"This is essentially sounding the all-clear for other companies to come into the marketplace," said David Menlow, head of IPOfinancial.com in Milburn, N.J.

The shares surged despite LinkedIn's warning that it will not turn a profit in 2011 as it invests in new products and technology.

Investors are betting on the prospects of a company that has established itself as the leader in professional networking with three revenue streams: online ads, premium subscriptions and hiring tools for recruiters.

And, unlike tech companies with complex or arcane businesses, people are willing to gamble on consumer Internet companies because they have technology "that people get," Menlow said.

Not everyone is sold. "It's a good business. It's just really hard to justify where they priced it," said Ryan Jacob, who manages the $50-million Jacob Internet Fund. He said he passed on trying to buy the shares in the IPO.

Mutual funds, pension funds and other major money managers snapped up most of LinkedIn's shares. Hot IPOs typically are sold only to investment banks' top customers.

Even as many on Wall Street expect LinkedIn to open the door wide for stock offerings from other social networking companies, few believe that the wave of investor excitement for this industry niche will give a lift to tech stocks in general, or to the broader market.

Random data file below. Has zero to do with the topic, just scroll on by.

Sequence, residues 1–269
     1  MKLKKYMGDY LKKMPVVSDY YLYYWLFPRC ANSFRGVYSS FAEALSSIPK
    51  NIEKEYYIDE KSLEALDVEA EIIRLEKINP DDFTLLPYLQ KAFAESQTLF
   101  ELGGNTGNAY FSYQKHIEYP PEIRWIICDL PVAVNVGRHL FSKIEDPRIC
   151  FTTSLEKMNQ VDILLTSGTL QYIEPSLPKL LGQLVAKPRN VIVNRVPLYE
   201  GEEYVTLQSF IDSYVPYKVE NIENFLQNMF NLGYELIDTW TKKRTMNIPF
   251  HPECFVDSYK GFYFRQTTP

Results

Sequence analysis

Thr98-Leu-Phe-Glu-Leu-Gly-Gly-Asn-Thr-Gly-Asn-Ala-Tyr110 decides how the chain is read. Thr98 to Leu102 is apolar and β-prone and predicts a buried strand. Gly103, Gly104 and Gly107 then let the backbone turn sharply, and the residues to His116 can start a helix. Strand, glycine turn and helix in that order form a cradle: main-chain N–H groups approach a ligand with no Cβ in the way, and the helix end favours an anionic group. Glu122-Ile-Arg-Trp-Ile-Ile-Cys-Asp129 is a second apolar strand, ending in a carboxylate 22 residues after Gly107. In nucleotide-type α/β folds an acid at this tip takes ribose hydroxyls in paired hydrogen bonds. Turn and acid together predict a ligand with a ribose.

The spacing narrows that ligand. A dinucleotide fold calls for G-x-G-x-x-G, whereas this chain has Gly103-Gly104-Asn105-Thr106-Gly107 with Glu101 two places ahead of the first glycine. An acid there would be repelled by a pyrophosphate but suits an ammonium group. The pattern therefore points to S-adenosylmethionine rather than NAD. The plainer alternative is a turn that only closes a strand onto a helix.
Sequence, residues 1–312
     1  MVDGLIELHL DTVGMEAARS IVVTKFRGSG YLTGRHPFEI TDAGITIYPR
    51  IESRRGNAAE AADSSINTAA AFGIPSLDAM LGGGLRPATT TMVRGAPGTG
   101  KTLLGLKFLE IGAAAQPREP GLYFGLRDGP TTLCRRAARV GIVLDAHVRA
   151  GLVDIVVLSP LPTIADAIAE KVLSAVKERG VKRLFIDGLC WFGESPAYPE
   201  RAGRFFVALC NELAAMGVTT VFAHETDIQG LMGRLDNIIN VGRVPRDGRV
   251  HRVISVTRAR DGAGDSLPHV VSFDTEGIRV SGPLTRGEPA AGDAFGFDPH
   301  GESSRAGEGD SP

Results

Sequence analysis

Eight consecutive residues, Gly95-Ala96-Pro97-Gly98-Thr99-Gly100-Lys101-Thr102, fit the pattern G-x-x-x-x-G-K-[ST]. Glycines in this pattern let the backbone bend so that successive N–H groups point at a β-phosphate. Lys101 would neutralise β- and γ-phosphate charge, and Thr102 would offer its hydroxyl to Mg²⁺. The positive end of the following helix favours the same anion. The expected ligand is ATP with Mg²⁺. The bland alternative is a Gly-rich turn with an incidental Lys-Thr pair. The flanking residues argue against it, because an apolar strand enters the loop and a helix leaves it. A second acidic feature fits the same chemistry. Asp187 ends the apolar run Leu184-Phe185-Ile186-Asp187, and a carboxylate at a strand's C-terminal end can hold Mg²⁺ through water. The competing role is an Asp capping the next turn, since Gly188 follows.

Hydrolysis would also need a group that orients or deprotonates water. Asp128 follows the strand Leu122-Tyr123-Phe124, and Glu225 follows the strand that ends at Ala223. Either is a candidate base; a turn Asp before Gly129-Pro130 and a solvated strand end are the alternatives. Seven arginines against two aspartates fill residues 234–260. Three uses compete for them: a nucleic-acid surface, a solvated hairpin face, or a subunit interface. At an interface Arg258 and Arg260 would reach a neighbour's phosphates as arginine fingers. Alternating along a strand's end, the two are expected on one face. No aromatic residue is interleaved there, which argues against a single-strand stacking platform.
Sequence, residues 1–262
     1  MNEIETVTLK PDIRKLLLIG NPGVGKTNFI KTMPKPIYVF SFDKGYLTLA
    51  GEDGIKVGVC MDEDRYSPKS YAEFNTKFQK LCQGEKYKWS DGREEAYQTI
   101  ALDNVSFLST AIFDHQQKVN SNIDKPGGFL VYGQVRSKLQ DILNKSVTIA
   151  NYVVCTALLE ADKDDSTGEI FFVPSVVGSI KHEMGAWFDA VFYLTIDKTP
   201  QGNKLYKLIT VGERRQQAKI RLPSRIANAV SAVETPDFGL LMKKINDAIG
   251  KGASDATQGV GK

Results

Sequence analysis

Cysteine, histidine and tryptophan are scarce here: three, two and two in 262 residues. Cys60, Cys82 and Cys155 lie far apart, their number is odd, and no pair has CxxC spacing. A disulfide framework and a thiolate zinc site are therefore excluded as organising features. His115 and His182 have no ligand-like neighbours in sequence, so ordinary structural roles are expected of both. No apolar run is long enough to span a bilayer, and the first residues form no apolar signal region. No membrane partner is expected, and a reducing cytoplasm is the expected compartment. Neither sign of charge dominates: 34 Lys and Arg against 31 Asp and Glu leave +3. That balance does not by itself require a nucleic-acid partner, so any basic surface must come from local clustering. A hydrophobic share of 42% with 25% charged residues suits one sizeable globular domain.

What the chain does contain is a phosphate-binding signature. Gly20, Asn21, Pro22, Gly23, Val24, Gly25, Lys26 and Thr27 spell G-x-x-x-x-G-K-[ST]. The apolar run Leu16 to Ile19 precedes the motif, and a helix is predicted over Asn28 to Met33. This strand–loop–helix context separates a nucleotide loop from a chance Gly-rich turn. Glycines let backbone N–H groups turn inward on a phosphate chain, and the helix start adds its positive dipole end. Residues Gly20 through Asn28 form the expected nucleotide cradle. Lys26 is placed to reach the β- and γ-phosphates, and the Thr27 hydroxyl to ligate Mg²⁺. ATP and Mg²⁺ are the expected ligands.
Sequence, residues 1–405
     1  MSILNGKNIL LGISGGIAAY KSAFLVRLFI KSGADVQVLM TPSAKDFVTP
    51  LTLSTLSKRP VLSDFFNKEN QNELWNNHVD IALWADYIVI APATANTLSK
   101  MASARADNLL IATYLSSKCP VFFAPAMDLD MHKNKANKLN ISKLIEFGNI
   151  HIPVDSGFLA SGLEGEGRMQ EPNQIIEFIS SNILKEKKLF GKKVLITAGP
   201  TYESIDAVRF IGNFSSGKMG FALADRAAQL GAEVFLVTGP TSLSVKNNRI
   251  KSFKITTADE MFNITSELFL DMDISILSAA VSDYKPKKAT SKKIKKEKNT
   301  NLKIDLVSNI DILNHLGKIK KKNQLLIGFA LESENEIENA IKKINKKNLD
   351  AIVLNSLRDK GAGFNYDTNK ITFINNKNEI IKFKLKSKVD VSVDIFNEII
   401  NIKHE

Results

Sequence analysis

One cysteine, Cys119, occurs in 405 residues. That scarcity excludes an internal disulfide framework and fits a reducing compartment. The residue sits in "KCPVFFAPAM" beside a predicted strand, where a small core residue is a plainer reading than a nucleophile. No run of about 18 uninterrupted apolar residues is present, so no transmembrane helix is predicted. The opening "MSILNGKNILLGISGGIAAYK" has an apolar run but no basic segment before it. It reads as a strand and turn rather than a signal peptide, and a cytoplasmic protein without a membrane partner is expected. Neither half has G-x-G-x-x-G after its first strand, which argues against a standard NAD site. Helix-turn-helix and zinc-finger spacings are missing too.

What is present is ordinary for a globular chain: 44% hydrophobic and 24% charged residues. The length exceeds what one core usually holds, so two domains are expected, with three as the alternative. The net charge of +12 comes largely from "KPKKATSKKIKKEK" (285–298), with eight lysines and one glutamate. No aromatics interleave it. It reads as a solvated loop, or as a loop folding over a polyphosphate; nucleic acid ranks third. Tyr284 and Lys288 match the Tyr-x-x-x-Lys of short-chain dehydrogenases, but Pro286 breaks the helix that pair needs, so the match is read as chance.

On Thursday, while LinkedIn soared, the tech-dominated Nasdaq composite stock index eked out a gain of just 0.3%.

LinkedIn's success luring investors could even siphon away interest in other tech companies: The IPO comes at a time when investors are growing increasingly disappointed with the growth struggles of some of the biggest old-guard tech firms, including Hewlett-Packard and Microsoft.

"This is not a 'rising tide lifting all boats,'" Jacob said of the fever for social networking companies.

Some critics said the stock's surge showed that LinkedIn's investment bankers priced the stock far too low at $45 — essentially guaranteeing a windfall for their favorite clients while depriving LinkedIn the full amount of capital it could have raised.

LinkedIn Chief Executive Jeff Weiner dismissed the importance of how his company's stock performed on the first day of trading.

"We spent a lot of time with the right kind of investors — folks who understand the story, the fundamentals, who are in it for the long haul," he told Bloomberg TV.

With the IPO, LinkedIn scored what the industry calls a "branding event," a free marketing campaign targeted to business professionals to boost traffic to and membership on its site, which has more than 102 million members and is adding about 1 million new members a week.

But now LinkedIn also faces the pressures of being a public company and will have to move aggressively to meet investors' expectations, analysts said.

"LinkedIn will have to execute flawlessly," Yoshikami said.